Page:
• Financial Reporting: Regular, transparent reporting helps maintain trust with stakeholders and supports decision-making.

Understanding these models and strategies is essential for anyone looking to start or sustain a social enterprise in Malaysia or elsewhere.

Proper financial planning and management not only safeguard the business's health but also ensure that the social mission remains achievable and impactful.

Successful Social Enterprise Examples

Inspiring Local Success Stories

Komuniti Tukang Jahit

Komuniti Tukang Jahit empowers underprivileged women by offering them employment opportunities as seamstresses. This model provides stable income and enhances their skills, boosting long-term employability and self-reliance.

A significant achievement of Komuniti Tukang Jahit is their collaboration with major corporations like AirAsia and Maybank, producing corporate merchandise and uniforms, which has significantly increased their market reach and provided stable contracts for their seamstresses.

Earth Heir

This social enterprise crafts luxury accessories that celebrate traditional artisan techniques. Earth Heir supports community development by ensuring fair trade practices and sustaining the livelihoods of artisans across Malaysia.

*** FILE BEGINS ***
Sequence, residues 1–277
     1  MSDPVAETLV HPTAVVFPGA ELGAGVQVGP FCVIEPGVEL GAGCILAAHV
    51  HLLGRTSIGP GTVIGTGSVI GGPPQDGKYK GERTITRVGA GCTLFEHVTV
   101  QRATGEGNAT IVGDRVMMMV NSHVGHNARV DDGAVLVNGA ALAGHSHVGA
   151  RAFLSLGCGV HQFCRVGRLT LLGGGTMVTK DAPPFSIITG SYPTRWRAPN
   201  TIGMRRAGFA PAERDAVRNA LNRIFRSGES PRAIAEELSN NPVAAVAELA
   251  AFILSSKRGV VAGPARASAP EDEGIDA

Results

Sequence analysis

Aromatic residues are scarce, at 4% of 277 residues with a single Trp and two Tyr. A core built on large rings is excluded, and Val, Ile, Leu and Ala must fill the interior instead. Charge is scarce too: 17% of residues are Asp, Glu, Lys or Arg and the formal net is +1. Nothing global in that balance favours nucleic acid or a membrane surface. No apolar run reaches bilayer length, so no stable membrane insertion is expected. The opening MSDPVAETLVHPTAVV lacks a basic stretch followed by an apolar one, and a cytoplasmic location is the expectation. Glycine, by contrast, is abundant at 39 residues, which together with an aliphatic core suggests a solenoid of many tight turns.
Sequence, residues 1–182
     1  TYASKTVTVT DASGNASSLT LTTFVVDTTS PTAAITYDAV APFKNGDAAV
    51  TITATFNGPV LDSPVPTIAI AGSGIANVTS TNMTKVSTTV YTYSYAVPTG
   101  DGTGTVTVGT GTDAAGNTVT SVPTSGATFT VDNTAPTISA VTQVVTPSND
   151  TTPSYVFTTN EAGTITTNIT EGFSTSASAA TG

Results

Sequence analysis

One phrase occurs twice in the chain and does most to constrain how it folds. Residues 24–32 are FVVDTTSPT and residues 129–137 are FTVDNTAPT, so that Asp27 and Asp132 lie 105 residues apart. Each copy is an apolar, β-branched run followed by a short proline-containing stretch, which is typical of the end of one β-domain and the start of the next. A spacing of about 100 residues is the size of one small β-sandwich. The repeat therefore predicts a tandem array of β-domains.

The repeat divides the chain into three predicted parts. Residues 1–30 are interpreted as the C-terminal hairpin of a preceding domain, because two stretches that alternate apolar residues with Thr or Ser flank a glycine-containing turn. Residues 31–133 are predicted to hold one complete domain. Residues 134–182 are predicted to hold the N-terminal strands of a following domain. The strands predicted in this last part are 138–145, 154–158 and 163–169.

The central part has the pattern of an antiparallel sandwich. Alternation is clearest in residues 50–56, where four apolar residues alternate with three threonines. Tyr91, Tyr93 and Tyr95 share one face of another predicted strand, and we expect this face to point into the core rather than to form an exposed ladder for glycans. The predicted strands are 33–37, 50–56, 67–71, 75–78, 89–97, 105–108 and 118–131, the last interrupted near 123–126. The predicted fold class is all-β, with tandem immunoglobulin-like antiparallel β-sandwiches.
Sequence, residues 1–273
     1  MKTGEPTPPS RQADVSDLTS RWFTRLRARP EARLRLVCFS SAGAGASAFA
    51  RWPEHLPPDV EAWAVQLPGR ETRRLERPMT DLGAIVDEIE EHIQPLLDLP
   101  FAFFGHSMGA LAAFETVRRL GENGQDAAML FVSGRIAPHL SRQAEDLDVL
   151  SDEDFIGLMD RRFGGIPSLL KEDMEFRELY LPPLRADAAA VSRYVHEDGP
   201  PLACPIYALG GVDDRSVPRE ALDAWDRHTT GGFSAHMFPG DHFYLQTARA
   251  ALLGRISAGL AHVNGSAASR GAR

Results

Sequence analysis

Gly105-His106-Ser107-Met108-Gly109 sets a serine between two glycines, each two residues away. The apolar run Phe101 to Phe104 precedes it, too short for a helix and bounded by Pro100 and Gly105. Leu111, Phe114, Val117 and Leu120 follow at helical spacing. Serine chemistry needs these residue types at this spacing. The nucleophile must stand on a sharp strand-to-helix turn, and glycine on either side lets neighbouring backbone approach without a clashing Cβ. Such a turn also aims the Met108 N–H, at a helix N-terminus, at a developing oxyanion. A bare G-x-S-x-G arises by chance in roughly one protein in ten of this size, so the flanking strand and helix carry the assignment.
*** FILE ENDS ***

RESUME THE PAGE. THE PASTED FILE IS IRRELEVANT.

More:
Notably, they have partnered with over 100 artisans from various communities, providing them with a platform to sell their handcrafted goods internationally, thereby preserving cultural heritage and improving economic conditions.


PichaEats provides catering services prepared by refugee chefs, offering authentic cuisines from their home countries. The revenue generated supports the livelihoods of these refugee families.

A notable success of PichaEats is their impact on over 15,000 customers, providing more than 200,000 meals and significantly improving the economic conditions of refugee families by providing them with a sustainable source of income and integration into the local community.